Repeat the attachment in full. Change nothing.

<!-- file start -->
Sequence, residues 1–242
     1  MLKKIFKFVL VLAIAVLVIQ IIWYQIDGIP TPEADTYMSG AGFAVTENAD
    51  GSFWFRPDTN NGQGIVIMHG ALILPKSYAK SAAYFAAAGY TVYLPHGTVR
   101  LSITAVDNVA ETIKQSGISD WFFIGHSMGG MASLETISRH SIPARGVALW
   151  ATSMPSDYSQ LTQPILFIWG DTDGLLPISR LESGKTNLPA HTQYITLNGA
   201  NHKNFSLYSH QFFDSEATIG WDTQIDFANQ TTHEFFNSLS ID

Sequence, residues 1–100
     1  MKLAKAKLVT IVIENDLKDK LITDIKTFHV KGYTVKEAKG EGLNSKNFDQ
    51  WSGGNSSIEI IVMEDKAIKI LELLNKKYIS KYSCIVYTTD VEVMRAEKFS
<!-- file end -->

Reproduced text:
Sequence, residues 1–242
     1  MLKKIFKFVL VLAIAVLVIQ IIWYQIDGIP TPEADTYMSG AGFAVTENAD
    51  GSFWFRPDTN NGQGIVIMHG ALILPKSYAK SAAYFAAAGY TVYLPHGTVR
   101  LSITAVDNVA ETIKQSGISD WFFIGHSMGG MASLETISRH SIPARGVALW
   151  ATSMPSDYSQ LTQPILFIWG DTDGLLPISR LESGKTNLPA HTQYITLNGA
   201  NHKNFSLYSH QFFDSEATIG WDTQIDFANQ TTHEFFNSLS ID

Sequence, residues 1–100
     1  MKLAKAKLVT IVIENDLKDK LITDIKTFHV KGYTVKEAKG EGLNSKNFDQ
    51  WSGGNSSIEI IVMEDKAIKI LELLNKKYIS KYSCIVYTTD VEVMRAEKFS